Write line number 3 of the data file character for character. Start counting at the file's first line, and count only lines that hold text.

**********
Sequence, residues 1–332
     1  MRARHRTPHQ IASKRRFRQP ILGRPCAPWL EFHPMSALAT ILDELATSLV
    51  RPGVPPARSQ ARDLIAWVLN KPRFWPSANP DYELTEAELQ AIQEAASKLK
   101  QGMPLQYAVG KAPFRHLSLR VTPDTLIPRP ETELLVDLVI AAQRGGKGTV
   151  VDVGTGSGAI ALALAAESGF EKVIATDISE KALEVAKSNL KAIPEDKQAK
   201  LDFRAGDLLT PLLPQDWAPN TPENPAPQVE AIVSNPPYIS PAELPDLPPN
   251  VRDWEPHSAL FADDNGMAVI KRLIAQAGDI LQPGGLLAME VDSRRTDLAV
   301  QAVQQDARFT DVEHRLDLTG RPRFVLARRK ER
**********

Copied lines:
    51  RPGVPPARSQ ARDLIAWVLN KPRFWPSANP DYELTEAELQ AIQEAASKLK